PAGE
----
May 31 (Bloomberg) -- U.K. mortgage approvals were little changed in April, highlighting the challenge policy makers face as they try to stoke lending.
Lenders granted 53,710 home loans compared with a revised 53,674 in March, the Bank of England said today in London. Economists had forecast an increase to 54,600 in April from an initially reported 53,504, according to the median of 21 estimates in Bloomberg News survey.
House prices had their biggest annual increase in 18 months in May as the BOE’s Funding for Lending Scheme eased access to mortgages, Nationwide Building Society said yesterday. Still, approvals are only about half the monthly average in the decade to 2007, when the financial crisis struck, and the central bank has maintained monetary stimulus to cement the economic recovery.
“House prices are likely to achieve a moderate gain of a few percent or so over 2013, helped by modestly improved activity,” Howard Archer, an economist at IHS Global Insight, said in a research note. “A decisive upward move in house prices seems unlikely given an ongoing challenging and uncertain economic environment.”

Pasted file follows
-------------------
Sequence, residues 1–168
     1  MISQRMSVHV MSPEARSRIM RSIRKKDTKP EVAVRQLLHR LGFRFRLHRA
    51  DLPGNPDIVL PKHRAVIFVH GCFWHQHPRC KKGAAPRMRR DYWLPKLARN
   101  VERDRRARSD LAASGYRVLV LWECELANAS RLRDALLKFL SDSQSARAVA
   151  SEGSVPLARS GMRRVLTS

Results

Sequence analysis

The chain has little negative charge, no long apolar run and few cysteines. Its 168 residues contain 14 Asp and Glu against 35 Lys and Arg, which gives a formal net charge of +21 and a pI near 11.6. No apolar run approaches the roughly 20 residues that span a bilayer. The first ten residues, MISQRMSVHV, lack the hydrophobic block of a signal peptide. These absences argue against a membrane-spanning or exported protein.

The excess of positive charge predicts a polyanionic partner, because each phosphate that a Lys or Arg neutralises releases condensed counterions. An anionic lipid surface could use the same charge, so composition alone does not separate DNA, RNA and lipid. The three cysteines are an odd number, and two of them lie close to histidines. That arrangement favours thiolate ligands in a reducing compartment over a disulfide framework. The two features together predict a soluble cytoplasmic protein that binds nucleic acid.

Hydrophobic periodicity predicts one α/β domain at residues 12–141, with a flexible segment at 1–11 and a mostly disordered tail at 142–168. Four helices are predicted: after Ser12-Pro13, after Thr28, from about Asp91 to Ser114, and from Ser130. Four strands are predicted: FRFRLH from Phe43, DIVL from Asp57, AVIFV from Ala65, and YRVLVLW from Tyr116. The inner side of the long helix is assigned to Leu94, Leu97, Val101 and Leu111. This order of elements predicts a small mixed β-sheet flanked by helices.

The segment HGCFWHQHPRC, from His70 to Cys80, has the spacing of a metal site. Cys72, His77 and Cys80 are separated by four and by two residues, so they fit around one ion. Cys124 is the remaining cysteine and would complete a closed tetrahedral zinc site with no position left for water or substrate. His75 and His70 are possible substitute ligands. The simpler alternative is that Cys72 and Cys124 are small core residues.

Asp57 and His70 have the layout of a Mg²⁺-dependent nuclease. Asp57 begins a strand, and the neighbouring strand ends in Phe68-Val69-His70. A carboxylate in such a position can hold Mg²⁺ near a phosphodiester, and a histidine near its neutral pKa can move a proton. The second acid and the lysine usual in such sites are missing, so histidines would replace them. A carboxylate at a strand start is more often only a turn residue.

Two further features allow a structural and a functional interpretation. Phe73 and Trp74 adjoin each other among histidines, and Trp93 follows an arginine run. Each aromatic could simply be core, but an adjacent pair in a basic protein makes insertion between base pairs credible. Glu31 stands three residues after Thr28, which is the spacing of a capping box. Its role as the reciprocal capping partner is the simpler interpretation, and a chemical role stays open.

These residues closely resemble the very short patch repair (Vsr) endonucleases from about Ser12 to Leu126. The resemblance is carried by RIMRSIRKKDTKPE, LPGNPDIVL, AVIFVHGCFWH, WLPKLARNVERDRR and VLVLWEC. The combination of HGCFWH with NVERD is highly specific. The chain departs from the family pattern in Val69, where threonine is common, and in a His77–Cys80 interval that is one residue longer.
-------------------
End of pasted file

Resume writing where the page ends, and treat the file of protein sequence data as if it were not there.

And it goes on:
Separate BOE data today showed that overseas investors sold their holdings of U.K. government bonds for the first time in 10 months in April. Non-residents sold 3.86 billion pounds ($5.9 billion) more gilts than they bought.
The pound remained lower against the dollar after the data. It was at $1.5200 as of 9:32 a.m. London time, down 0.2 percent from yesterday.
Net mortgage lending rose by 875 million pounds ($1.33 billion) in April from the previous month, according to the BOE credit data. Gross mortgage lending was 13 billion pounds, up from 12.7 billion pounds.
U.K. house prices rose 1.1 percent from a year earlier in May, according to Nationwide. They climbed 0.4 percent from the previous month to an average 167,912 pounds.
In April, the central bank extended the FLS, designed to provide cheaper loans to consumers and companies by lowering banks’ funding costs, by one year to January 2015. Officials held their bond-purchase plan at 375 billion pounds this month and their key interest rate at a record low of 0.5 percent. Their next policy decision is June 6.
Today’s BOE data showed that consumer credit increased by 524 million pounds in April, with credit-card lending rising 102 million pounds.
The BOE also said that U.K. M4 money supply rose 0.3 percent in April from the previous month. From a year earlier, M4 slipped 0.1 percent.
A separate measure of M4 money-supply growth the central bank uses to assess the effectiveness of its asset purchases slowed to a quarterly annualized 2.8 percent from 4.7 percent, the least since June 2012.
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